While I wait to reunite with friends and family in Texas, I’m transforming my anger at their governor into positive energy and empathy
Once upon a time… in a faraway land… called Texas, leaders decided that they had had enough of this pandemic. Merchants dismantled the plexiglass shields preventing the spread of germs. Restaurants set their tables for dinner parties. People burned their masks.
I have been fuming about this fairy tale ever since Texas Gov. Greg Abbott removed the mask mandate in the state that I once called home. It has been more than a year since my children have seen their grandmother, aunt, uncle and cousin; and nearly two years since they have seen the bluebonnets that bloomed early after the death of my father, whose yahrzeit is Tuesday.
The removal of masks this week with only a small percentage of Texans vaccinated sets the stage for yet another potential outbreak and prolonged separation from my loved ones. Of course, with any luck, my family soon will be vaccinated to travel our direction — wearing masks. That’s unlikely to happen in time for Passover, when so many other families are preparing to break their long fasts from each other.
That metaphor brings me to the Kosher Palate, a popular kosher market in Dallas, Texas. Upon learning of the mask reprieve, the shop’s owners immediately informed their customers they could leave their masks at home and invited them to come on in. Every year before Passover, observant and non-observant customers flock to the Kosher Palate to stock up on haroset, kugel, and matzah ball soup. With the Passover holiday starting at the end of this month, the timing seemed perfect. But was it?
Enter Rabbi Ari Sunshine, a Dallas rabbi and a regular customer at Kosher Palate who loves food — especially Passover food. Seriously, he even opened his Yom Kippur sermon this past year talking about matzah. He picked up the phone and called the shop’s owners to share his concerns. Many members of his community and others might not feel safe inside the tiny store if masks were not required. The store’s owners might not get that shot in the arm they usually get from the Passover rush. He worried that the decision might even hurt their business.
“When you have a good relationship, you pick up the phone and talk about it,” Rabbi Sunshine told a reporter for JTA.
The rabbi also called the organizer of a Jewish event in Dallas where people plan to gather on Saturday for sushi and a mask burning – which at a Jewish event frankly makes the rabbi uncomfortable. Being from Texas, I understand the appeal of a bonfire. Still, it makes me uneasy too.
Each conversation was pleasant, even if it didn’t change minds, he said. By the time the rabbi called the grocery, the owners had already received enough backlash on social media to reverse their decision. Still, the fact that the rabbi picked up the phone to call the owner impressed me. It inspired me to pick up the phone and call Rabbi Sunshine for a little counseling and, shall we say, anger management.
He encouraged me not to get worked up about something that I can’t control. Instead redirect your energy, he said. Be a little more cautious. Be patient a little longer. Support businesses that make you and your family feel safe.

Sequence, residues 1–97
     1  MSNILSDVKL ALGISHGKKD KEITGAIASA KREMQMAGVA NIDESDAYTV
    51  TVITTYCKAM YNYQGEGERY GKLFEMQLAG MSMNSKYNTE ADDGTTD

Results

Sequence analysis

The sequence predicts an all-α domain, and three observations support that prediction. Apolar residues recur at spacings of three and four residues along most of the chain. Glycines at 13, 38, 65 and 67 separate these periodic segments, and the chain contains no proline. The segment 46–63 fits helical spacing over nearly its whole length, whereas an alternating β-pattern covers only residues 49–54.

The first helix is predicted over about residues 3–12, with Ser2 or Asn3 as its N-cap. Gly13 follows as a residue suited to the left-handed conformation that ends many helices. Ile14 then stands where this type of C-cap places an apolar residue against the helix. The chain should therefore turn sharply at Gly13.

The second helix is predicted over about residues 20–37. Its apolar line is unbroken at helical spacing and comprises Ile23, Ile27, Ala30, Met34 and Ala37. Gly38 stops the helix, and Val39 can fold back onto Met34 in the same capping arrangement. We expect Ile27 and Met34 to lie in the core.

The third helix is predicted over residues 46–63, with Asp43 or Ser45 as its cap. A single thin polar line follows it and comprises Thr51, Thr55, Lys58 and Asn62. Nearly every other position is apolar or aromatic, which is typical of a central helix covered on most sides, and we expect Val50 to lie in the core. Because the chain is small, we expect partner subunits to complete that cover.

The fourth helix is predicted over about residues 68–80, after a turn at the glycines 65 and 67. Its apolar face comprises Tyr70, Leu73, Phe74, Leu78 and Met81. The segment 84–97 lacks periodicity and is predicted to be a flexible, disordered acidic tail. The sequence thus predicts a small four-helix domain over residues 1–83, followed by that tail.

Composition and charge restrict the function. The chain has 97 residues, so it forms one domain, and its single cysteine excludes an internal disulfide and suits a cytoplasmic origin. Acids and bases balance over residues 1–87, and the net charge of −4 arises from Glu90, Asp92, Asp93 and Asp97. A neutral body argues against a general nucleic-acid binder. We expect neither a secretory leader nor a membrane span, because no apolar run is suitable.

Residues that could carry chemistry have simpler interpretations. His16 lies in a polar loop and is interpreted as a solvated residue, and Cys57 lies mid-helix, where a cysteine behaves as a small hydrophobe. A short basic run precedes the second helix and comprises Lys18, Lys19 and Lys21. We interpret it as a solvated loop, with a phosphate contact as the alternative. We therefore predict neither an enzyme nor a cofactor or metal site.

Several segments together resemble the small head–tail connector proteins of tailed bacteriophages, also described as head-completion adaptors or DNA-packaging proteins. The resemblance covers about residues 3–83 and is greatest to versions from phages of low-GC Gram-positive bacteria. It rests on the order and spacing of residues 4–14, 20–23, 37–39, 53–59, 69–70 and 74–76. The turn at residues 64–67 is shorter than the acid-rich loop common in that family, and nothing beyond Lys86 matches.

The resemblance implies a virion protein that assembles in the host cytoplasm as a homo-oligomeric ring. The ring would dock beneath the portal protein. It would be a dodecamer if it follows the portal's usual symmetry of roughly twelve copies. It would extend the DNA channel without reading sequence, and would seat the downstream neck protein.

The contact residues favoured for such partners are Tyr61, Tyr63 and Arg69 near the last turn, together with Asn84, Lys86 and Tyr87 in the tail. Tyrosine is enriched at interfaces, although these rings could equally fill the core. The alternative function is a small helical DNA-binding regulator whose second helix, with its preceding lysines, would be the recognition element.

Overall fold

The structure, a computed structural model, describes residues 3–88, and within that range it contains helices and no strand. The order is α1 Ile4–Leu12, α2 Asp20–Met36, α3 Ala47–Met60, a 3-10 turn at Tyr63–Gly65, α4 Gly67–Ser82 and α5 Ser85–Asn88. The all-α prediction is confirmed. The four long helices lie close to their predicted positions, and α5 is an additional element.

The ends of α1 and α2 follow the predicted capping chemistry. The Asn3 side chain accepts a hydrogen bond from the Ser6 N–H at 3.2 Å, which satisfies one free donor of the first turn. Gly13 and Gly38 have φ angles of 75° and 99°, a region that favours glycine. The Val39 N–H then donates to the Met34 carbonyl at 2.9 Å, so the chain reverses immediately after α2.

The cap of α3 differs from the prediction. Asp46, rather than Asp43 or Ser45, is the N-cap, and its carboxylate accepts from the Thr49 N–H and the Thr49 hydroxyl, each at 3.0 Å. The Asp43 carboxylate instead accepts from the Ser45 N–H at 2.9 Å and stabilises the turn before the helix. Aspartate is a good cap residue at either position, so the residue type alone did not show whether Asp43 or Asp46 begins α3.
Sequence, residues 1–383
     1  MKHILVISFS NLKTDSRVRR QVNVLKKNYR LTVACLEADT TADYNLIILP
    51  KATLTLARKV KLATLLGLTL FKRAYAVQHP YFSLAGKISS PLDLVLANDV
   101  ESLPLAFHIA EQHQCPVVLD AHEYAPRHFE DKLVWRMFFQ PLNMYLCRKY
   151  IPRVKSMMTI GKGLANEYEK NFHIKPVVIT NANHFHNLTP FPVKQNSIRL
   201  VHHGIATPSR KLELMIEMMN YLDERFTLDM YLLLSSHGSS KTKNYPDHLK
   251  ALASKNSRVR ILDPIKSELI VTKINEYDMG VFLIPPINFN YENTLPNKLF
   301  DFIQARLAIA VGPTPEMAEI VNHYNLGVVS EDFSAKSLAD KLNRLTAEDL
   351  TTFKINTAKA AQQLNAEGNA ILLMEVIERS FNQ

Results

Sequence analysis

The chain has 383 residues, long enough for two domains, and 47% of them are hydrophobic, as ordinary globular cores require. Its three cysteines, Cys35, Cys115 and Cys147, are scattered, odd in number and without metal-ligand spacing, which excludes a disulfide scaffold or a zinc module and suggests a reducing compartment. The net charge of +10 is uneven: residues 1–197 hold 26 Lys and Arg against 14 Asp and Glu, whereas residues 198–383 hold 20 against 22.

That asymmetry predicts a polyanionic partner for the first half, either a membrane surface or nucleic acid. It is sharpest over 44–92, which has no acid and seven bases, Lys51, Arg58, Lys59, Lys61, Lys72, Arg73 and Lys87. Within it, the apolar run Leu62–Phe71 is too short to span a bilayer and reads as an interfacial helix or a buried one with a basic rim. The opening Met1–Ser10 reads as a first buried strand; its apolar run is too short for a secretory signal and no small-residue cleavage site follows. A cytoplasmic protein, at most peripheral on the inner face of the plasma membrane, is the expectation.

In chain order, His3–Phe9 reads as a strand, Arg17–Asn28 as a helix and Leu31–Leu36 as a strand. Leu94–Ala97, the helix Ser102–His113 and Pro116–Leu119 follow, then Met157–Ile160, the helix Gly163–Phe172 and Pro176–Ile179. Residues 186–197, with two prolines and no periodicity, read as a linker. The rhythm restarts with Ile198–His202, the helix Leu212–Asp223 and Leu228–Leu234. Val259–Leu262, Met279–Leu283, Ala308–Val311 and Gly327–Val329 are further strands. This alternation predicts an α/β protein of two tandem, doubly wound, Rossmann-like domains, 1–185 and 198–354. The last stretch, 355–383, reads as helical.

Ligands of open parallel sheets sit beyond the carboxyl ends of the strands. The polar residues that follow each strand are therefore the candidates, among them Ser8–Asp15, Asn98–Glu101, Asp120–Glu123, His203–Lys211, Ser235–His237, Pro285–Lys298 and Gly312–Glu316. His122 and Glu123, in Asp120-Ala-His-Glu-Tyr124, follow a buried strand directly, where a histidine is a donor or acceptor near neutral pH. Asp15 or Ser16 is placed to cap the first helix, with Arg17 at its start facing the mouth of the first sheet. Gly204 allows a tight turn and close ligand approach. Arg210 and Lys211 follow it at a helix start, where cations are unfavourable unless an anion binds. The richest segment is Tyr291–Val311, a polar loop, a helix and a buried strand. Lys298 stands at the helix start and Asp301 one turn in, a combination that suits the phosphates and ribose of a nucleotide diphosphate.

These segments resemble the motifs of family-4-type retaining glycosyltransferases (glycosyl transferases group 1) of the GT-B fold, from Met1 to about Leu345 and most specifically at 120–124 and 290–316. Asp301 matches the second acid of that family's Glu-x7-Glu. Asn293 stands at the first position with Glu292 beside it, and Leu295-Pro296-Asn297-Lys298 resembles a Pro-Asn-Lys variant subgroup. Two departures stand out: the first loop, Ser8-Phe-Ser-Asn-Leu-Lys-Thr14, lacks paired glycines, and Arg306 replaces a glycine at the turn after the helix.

But here’s the thing. I don’t want any business to struggle. I especially want to support the entrepreneurs and small businesses that keep our communities running. Why do we have to leave masks at home? Why does it have to be an all or nothing proposition?
I look to Israel where, since February, Israelis have started to emerge, but really came out this week with the reopening of restaurants, event venues, and tourist attractions.
But Israel also has fully vaccinated 40 percent of its population, and more than half of Israelis have received at least one shot. Moreover, with a fourth lockdown possible and Passover around the corner, they are still required to wear masks both indoors and outdoors.
In contrast, Texas has fully vaccinated 11% of its population. Nearly 22% have received the first dose.
I asked the rabbi what emerging from the pandemic can teach us about the value of relationships. As we are all going through the same terrible situation together, he said, our world has become much smaller. Recognizing how closely tied we are to everyone around the world, we should be more open to seeing them, hearing them, recognizing where they are coming from, even when the approach is different from ours.
In other words, as we come out of our isolation, perhaps we should focus on reopening our relationships, which have taken a real beating from the pandemic and politics. I encourage people to pick up the phone more often, especially when there’s a rabbi on the other end – your own or anyone else’s.
I took a deep breath after my call with the rabbi. I phoned my mom next and I talked to my 3-year-old nephew on FaceTime for another dose of sunshine. We all could use some of that these days.
A version of this piece originally aired March 12 on People of the Pod, a podcast about global affairs through a Jewish lens by American Jewish Committee. In the same episode, the author interviewed U.S. Justice Department Nazi Hunter Eli Rosenbaum. Listen here.